Between the Lavender Picks

I almost kept going. But something was off. Maybe the tabby hadn’t been beaten in as tight between the lavender pattern picks. In that case, a few more rows would obscure the slight difference. I did not want to undo; and wishful thinking tempted me to avoid taking a closer look. Sensibility won, though. I did stop to examine the cloth.

Weft threads are carefully snipped back to point of error.
Weft threads are carefully snipped back to the point of error. I did this very slowly, with a bright light shining on the area being snipped.

Even under close inspection, my eyes could not identify the error. I struggled to see the fine details. Magnifying glass to the rescue! Magnification revealed two extra tabby picks. Aha! Two fine threads out of place are enough to throw off the pattern. If not corrected, this errant line across the finished cloth would draw the attention of every eye. Knowing precisely where the error is gives me courage to face the necessary operation. Snip, snip, snip. Undo. Fresh start.

Magnifier reveals 2 extra tabby picks to be removed.
Magnifier reveals two extra tabby picks (16/2 cotton) that must be removed.
Error removed.
Weft threads are pulled out one by one, and then discarded.

An honest report tells it like it is. When we are trusting the Lord, we have courage to stop and examine errors, bypassing wishful thinking. Faith is like a magnifying glass that enables us to see clearly. Courage comes alive through the eyes of faith. The difficult and painful process of undoing errors and making corrections is worth it when you consider the high value of the finished fabric.

Monksbelt on the loom. Karen Isenhower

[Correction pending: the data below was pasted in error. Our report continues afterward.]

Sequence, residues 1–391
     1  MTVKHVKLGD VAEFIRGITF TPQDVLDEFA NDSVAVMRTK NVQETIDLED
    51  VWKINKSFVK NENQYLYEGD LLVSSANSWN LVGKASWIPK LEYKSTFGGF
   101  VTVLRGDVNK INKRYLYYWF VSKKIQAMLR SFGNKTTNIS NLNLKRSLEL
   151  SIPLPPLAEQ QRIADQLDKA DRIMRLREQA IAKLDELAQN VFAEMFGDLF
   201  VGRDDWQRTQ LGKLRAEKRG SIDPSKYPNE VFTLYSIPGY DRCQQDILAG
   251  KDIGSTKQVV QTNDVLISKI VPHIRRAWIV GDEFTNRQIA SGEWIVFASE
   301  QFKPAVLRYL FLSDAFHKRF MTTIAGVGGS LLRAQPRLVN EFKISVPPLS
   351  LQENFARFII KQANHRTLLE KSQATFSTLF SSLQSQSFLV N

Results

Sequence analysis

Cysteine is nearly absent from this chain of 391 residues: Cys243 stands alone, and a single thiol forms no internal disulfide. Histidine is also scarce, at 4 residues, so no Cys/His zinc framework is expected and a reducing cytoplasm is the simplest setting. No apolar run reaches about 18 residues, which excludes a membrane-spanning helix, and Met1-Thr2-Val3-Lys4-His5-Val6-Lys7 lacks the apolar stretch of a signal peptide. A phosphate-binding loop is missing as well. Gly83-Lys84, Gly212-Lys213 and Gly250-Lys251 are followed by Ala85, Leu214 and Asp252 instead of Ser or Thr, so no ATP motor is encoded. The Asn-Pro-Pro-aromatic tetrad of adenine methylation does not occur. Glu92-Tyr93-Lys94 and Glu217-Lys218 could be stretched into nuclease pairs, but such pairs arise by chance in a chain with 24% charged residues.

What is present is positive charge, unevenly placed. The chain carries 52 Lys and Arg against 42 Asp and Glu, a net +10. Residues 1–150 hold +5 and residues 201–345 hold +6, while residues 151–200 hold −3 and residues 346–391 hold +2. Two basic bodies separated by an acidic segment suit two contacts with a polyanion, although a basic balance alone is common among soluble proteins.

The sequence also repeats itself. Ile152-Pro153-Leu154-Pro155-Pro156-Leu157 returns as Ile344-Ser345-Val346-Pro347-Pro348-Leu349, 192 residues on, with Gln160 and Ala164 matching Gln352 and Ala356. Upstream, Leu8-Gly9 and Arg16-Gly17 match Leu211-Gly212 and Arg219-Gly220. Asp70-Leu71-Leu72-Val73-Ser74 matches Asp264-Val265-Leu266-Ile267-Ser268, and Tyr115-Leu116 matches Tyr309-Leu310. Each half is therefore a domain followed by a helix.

Monksbelt weaving continues. All is well.

May you catch your errors while they can be undone.


12 thoughts on “Between the Lavender Picks

  1. Karen: why didn’t you just unweave it? no loss of thread that way. just wondering? snipping like that leaves one open to acidently snipping a warp thread. May all your errors be noticable before it’s too late to correct them. The piece is beautiful, I’m looking forward to the finished piece. LP&J, linda

    1. Linda, That’s a great question. Snipping the weft does carry risk; and I did cut a warp end once doing this. The reason I do it is that removing wefts this way is less abrasive on the warp ends (arguably), especially ends at the selvedges. With this 16/2 cotton warp, I want to minimize abrasion which can lead to broken warp ends. On warps with coarser threads, I do often un-weave unless it’s very far back, in which case, clipping and pulling out wefts is faster.

      Thank you!

      1. I don’t know if this is what you already used, but would using a seam ripper reduce the risk of cutting warp threads in this process? In sewing I feel I can better control which threads are being cut when I use a seam ripper.

        1. Elisabeth, I haven’t tried a seam ripper. I loosen the warp tension before I do the snipping, so I’m not sure if a seam ripper would do the job. I’ll try it, though. I have tried several tools–my Gingher snips, a small scissors that has a little hooked tip, and a small embroidery scissors. I like the small embroidery scissors the best, because it is very sharp and has nice pointed tips that are easy to control.


          1. What I like about the seam ripper is that I can so easilyi identify and separate the threads with the tip of the seam ripper before pushing the seam ripper throug in order to cut.

          2. I am certainly going to try this the next time I make a mistake and have to undo! Not that I’m wishing for a mistake to happen… 🙂

  2. I do not know anything about weaving, but I do know sewing. If you unweave instead if snip you may loosen or ruin the already perfect weave. Beautiful Karen!

  3. I do love your green/lilac yarns in your cloth. Stunning. Just ever so stunning. I am having fun weaving the same on a little Structo loom. It would be great fun to rub elbows, again. Much love, Charlotte

    1. Dear Charlotte, what a joy to hear from you! I can imagine what fun you are having with that Structo. Yes, it would be great fun to rub elbows again.

      Love to you,

  4. Lovely weaving and you have a trained eye to catch the mistake! It’s always nice when you catch it earlier, rather than later, and that seems to be easier the more you weave. Lovely pattern!

    1. Hi Judy, I appreciate your thoughtful words! Good point about the value of experience in being able to catch mistakes early!

      Happy weaving,

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